Disparities in Kidney Transplant Outcomes: A Review

Elisa J. Gordon*, Daniela P. Ladner, Juan Carlos Caicedo, John Franklin

*Corresponding author for this work

Research output: Contribution to journalArticlepeer-review

106 Scopus citations


Sociocultural and socioeconomic disparities in graft survival, graft function, and patient survival in adult kidney transplant recipients are reviewed. Studies consistently document worse outcomes for black patients, patients with low income, and patients with less education, whereas better outcomes are reported in Hispanic and Asian kidney transplant recipients. However, the distinct roles of racial/ethnic versus socioeconomic factors remain unclear. Attention to potential pathways contributing to disparities has been limited to immunologic and nonimmunologic factors, for which the mechanisms have yet to be fully illuminated. Interventions to reduce disparities have focused on modifying immunosuppressant regimens. Modifying access to care and health care funding policies for immunosuppressive medication coverage also are discussed. The implementation of culturally sensitive approaches to the care of transplant candidates and recipients is promising. Future research is needed to examine the mechanisms contributing to disparities in graft survival and ultimately to intervene effectively.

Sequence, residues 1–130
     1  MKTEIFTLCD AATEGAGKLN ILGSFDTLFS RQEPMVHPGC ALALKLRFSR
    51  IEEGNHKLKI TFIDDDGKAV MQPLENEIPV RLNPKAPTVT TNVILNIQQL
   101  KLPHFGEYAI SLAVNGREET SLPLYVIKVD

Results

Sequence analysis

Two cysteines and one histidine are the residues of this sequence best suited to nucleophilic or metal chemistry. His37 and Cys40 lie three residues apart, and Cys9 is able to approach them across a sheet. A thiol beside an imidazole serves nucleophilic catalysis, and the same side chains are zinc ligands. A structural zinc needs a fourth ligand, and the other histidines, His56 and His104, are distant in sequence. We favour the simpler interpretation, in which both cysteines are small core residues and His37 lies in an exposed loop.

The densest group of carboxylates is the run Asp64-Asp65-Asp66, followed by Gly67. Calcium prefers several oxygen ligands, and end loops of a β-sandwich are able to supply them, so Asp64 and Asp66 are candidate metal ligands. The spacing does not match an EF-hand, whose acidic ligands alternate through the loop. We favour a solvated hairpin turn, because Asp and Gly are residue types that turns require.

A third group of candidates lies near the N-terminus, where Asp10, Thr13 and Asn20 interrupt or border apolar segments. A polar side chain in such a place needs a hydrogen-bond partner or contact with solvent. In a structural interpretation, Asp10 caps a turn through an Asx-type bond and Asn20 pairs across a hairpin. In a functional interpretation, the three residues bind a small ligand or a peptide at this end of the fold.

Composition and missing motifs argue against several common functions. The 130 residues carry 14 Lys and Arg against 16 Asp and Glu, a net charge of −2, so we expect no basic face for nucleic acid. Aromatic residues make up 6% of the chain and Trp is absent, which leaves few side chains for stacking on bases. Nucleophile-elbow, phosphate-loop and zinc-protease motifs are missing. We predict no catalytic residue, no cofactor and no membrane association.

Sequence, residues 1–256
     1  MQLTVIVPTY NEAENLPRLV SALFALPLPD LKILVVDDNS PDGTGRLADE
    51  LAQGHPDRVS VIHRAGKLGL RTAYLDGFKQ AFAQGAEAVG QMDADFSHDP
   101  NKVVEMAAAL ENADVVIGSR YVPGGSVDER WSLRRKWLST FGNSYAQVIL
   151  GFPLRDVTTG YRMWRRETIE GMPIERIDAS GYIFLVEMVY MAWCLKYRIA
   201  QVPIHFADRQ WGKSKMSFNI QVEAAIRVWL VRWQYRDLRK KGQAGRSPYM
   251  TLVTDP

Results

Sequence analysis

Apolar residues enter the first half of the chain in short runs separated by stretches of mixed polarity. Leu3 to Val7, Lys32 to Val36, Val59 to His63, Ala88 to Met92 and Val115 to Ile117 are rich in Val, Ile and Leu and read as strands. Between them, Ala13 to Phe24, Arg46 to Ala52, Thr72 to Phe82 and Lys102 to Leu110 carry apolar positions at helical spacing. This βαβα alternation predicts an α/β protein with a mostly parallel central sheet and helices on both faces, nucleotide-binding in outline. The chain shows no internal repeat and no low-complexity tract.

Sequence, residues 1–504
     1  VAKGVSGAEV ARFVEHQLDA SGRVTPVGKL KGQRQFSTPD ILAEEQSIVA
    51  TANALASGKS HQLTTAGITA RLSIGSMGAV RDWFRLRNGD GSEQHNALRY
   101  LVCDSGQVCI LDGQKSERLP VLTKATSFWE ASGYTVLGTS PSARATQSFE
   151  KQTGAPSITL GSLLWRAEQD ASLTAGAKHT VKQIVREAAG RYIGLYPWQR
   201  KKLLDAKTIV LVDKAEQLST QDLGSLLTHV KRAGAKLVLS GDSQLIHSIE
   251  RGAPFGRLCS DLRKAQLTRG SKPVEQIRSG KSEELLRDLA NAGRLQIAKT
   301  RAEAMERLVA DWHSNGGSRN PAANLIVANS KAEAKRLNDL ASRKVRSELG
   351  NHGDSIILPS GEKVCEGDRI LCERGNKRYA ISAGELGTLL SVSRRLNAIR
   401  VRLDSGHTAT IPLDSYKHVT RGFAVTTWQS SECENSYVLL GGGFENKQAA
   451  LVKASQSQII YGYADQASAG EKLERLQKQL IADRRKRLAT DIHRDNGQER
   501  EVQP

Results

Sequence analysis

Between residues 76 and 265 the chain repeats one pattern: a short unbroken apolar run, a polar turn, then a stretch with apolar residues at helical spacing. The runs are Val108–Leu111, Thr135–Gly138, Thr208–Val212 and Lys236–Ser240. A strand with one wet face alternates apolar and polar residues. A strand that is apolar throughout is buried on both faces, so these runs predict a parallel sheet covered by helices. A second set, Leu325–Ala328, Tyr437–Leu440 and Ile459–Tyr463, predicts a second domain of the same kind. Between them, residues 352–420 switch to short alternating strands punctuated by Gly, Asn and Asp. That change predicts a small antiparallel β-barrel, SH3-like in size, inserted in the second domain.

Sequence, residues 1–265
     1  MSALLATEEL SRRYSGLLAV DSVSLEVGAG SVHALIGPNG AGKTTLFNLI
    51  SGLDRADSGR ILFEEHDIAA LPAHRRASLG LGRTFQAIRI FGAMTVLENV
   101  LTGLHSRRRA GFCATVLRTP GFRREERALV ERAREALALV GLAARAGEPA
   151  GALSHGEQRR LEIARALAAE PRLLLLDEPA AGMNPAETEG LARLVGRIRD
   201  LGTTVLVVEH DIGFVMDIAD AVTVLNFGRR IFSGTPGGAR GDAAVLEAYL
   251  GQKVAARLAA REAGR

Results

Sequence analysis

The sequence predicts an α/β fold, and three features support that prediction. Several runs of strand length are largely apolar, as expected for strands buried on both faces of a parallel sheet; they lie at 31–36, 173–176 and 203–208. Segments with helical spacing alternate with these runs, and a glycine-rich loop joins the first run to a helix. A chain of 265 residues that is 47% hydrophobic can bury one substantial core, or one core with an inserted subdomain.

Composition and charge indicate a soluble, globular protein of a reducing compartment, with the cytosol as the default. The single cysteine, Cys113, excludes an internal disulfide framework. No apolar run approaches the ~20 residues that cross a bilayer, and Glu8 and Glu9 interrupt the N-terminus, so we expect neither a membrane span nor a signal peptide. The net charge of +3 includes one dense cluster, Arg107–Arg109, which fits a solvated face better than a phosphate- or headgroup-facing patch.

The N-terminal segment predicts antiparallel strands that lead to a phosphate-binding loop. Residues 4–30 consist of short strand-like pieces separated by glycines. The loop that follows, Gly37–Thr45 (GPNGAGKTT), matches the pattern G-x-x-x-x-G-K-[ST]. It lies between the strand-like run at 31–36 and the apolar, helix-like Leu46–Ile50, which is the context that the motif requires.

Original languageEnglish (US)
Pages (from-to)81-89
Number of pages9
JournalSeminars in nephrology
Issue number1
StatePublished - Jan 2010


  • Kidney transplantation
  • disparities
  • graft survival
  • outcomes
  • patient survival
  • race/ethnicity
  • socioeconomic status

ASJC Scopus subject areas

  • Nephrology


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